Many of us are searching for “the one,” wondering if we’ve found them, if we ever will, and how we would know if we did. It is an awful lot of pressure, finding that one perfect match. One of the most meaningful conversations I ever had on this topic was with my hairdresser. She told me she did not believe in soulmates. Instead, she believed in lifemates. Instead of just one person to move you, to shape your thoughts and your heart, there could be many. One may come into your life, even if for the most fleeting of moments, to bear witness to your life, to teach you of any number of things. It could be love, but it could also be loss and forgiveness. The idea of lifemates is one of the most profound concepts in love and relationships I’ve yet to come across.
I recall a great heartache years ago spurred by what in my mind was a betrayal. I was riddled with anger and hurt. I felt rejected and that there could be no good men left in the world. At those times of intense pain, such a broad and sweeping statement hardly seemed silly at all. That was until I met someone who was truly remarkable. He was one of the good guys. Smart, funny, and most of all, kind. He was one of those whose soul you just knew was pure. He allowed me to believe in the goodness of men again. While I came to highly value the friendship we had, in time it ended as many cross-sex relationships often do. Namely, he started dating someone. Certainly, I would have never considered it appropriate for our friendship to continue as it had in the past out of respect for his new relationship.
Though initially the loss was a very sad one, it also reminded me of his purpose in my life at the time that I met him. He taught me many things, but namely, of goodness. And while I would have liked to have kept him in my life, I came to realize a freeing reality. He too was one of my lifemates. He entered at a time when I was very angry and resentful, and brought some much needed joy and laughter to my life. Hence, while his exit was difficult, a belief in this concept of lifemates was liberating. It allowed him to have a special place in my life forever, without his stay needing to be as such. Should things have turned out differently between us, whose to say this ending wasn’t the most civil of others possible anyway?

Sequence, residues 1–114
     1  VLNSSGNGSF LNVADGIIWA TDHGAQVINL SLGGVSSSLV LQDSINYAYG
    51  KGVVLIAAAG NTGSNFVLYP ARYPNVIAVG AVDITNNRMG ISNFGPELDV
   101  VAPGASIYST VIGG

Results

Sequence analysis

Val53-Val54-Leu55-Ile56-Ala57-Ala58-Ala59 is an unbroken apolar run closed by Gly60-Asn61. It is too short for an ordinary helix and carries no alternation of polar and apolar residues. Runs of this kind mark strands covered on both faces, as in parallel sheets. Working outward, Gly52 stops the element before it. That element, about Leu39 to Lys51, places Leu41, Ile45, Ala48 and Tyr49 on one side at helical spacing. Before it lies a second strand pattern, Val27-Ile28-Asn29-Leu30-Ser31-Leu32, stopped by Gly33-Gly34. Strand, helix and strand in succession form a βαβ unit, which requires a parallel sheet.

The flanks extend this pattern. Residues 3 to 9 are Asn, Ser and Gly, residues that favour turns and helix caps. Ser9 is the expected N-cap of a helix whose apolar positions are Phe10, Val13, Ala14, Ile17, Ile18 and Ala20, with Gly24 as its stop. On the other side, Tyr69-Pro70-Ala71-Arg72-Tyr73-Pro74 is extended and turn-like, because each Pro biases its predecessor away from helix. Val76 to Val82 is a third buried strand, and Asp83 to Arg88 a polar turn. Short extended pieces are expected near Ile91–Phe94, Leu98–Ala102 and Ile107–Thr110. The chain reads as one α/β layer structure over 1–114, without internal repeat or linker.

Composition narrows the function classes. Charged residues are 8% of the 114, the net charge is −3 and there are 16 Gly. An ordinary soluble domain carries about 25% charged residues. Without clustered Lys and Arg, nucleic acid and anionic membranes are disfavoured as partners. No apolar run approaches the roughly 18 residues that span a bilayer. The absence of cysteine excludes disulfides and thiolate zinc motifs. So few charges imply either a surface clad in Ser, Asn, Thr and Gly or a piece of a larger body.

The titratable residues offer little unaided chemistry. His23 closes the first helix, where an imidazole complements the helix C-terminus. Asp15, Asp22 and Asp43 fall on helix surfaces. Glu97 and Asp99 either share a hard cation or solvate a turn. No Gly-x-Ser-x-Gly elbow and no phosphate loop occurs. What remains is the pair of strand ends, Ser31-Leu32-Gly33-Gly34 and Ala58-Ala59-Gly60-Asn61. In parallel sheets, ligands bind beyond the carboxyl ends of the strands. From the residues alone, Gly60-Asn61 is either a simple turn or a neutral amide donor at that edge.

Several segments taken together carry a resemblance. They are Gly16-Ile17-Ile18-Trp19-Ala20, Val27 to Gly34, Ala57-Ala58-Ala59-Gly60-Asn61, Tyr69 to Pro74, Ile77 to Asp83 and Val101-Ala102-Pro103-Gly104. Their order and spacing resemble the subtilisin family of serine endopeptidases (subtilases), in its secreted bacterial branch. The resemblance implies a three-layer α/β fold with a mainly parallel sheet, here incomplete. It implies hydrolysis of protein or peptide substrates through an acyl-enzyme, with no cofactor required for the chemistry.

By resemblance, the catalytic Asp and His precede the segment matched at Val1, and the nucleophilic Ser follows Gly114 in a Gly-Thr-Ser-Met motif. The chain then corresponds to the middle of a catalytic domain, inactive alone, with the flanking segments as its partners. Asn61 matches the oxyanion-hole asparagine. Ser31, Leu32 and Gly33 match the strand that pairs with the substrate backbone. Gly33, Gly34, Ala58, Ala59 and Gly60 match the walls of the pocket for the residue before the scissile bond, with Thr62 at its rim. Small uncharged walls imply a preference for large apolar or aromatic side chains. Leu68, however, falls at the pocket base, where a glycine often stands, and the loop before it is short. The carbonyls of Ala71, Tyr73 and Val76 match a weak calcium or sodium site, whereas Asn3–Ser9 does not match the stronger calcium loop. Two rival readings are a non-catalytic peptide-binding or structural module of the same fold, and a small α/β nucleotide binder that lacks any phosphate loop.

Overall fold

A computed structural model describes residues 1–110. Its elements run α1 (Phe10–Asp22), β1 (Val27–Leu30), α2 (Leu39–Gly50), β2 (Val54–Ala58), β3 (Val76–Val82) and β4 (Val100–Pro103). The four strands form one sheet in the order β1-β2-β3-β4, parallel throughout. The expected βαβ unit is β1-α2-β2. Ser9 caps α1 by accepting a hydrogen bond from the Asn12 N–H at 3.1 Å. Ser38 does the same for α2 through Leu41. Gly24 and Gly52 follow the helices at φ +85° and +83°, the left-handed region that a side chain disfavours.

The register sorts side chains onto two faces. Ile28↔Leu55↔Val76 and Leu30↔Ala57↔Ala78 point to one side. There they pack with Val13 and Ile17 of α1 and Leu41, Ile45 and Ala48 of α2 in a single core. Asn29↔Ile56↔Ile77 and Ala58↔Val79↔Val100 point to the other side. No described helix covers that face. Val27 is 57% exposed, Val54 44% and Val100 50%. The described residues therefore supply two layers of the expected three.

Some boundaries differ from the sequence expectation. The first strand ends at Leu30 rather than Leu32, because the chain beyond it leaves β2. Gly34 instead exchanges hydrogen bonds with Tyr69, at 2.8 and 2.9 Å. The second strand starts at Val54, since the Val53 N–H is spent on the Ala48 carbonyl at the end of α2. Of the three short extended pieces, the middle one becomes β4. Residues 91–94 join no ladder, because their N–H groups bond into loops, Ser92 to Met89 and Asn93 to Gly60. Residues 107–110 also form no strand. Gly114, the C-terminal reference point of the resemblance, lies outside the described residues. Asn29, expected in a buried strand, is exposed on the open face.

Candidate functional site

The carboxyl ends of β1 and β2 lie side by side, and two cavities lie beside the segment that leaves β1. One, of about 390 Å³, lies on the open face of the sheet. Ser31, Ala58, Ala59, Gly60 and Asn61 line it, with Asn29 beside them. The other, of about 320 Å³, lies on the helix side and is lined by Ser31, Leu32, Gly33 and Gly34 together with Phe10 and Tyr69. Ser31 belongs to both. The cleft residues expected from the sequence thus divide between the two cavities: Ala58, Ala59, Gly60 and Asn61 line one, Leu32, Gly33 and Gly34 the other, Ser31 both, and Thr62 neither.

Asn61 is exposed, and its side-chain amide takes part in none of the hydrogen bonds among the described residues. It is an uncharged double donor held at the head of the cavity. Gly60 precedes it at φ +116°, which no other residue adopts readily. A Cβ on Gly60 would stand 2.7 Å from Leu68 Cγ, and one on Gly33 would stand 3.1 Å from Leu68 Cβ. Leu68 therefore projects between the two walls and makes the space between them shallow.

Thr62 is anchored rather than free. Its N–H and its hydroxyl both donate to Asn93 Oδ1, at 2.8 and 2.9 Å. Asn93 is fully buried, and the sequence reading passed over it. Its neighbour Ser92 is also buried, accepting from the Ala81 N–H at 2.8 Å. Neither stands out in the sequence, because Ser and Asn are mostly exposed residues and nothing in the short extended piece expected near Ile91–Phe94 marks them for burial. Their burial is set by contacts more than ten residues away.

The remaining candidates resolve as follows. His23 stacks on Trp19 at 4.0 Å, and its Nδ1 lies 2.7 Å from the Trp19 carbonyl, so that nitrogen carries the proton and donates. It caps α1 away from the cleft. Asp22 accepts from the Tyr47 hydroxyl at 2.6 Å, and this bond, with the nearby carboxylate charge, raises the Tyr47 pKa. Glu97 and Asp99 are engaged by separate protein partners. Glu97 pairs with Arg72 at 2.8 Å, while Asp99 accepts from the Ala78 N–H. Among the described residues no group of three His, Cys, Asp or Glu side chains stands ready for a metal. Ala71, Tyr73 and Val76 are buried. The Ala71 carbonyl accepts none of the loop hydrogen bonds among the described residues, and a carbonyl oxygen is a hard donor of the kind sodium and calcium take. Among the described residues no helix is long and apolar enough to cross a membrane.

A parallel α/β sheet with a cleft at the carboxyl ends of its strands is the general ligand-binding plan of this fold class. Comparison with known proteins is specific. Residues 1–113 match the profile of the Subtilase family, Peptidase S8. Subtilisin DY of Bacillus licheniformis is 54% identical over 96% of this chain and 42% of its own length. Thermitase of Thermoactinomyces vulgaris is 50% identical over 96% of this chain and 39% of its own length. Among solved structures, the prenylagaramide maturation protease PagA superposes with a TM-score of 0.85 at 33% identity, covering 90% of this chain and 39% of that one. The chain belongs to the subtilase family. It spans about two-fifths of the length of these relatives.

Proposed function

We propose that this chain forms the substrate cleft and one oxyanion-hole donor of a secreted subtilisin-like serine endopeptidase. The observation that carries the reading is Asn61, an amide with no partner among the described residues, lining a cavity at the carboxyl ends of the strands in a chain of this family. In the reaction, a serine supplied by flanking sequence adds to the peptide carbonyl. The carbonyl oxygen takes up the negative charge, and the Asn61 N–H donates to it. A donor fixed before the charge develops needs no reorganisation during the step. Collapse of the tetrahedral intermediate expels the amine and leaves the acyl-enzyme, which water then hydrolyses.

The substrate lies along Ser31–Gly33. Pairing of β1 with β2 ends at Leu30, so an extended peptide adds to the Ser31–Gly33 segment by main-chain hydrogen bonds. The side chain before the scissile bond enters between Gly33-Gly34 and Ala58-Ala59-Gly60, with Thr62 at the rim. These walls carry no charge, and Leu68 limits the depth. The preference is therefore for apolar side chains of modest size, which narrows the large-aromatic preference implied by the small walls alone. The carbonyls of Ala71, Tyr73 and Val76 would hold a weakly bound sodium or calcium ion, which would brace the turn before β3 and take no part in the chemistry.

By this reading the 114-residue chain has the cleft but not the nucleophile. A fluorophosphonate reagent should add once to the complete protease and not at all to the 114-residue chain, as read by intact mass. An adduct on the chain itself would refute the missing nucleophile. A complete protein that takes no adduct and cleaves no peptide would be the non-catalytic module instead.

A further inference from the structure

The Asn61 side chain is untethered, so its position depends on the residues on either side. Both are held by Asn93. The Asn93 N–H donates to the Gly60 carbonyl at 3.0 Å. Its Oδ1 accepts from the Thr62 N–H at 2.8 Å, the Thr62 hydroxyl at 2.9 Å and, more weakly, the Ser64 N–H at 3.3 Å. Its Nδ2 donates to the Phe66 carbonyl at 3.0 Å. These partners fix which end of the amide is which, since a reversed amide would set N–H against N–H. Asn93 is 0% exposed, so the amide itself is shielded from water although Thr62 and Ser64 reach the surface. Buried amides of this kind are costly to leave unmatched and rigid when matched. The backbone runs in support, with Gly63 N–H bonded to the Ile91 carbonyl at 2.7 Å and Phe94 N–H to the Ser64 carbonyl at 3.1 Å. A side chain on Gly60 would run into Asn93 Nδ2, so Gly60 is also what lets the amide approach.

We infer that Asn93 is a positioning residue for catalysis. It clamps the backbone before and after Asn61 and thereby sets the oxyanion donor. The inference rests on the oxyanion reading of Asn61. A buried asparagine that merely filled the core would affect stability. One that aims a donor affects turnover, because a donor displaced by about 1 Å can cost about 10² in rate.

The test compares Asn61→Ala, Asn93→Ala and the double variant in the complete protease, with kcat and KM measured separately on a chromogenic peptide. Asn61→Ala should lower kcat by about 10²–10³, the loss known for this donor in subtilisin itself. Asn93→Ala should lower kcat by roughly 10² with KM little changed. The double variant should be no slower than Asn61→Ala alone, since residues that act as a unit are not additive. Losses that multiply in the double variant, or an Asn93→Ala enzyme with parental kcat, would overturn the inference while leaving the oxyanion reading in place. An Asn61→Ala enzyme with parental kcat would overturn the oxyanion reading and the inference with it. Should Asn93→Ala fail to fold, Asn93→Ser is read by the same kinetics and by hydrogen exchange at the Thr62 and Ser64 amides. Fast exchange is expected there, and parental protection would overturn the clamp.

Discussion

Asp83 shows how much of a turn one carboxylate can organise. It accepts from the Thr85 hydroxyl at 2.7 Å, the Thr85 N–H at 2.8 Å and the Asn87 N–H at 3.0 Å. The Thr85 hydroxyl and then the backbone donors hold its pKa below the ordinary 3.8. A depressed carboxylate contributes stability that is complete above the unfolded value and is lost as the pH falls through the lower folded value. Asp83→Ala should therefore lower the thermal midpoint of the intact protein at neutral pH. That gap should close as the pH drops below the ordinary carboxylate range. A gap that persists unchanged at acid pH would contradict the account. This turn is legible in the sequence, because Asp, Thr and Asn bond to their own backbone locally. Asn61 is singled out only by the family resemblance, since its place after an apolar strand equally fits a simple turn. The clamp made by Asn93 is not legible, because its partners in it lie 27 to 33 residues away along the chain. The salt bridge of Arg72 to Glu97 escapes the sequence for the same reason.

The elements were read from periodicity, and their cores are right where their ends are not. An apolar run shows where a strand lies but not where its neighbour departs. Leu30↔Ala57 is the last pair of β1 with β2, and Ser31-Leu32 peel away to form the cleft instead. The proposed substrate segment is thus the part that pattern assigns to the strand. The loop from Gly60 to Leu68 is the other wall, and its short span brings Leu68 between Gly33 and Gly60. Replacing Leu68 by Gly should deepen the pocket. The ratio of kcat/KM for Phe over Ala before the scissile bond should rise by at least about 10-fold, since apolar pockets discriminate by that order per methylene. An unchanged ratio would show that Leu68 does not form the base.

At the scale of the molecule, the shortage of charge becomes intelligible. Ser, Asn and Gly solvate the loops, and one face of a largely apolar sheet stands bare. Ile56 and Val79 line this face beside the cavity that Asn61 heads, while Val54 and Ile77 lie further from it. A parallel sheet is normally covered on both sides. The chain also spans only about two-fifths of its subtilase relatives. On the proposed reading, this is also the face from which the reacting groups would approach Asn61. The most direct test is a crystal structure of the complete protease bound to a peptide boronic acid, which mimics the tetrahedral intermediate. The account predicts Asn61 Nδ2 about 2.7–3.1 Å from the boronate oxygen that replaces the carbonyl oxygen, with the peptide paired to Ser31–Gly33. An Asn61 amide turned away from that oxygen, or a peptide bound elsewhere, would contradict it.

It is a challenge to think in these ways. Typically in various relationships there is dating, a breakup, maybe even a rebound. There is crying, anger, sadness, shock, any number of emotions related to the experience of loss and grief. But often seeing my female therapy clients struggle with the heartache of loss for years, I propose a new way of looking at it.
Why let go entirely, and stamp out every trace of a guy? Why keep none of the good and focus on the bad in an attempt to hate him and move on? This only ends up paining ourselves in the end. Resentment after all is a bitter poison that we drink that does nothing to affect he who has wronged us. What if then we let go of the notion that he was our one and only? Instead we may embrace the fact that he may have just been one of the many sages to light our path in the journey of life. Moving from the idea of soulmates to lifemates ultimately brings us more hope and less pain. We need not cling desperately to one person, living in fear of loss or rejection. We need not even worry that we missed him entirely, that we ignored a “sign,” or lost our chance. In opening our hearts as widely as we can, we can only allow in more love and compassion, for little is the possibility that in caring we ever truly lose out.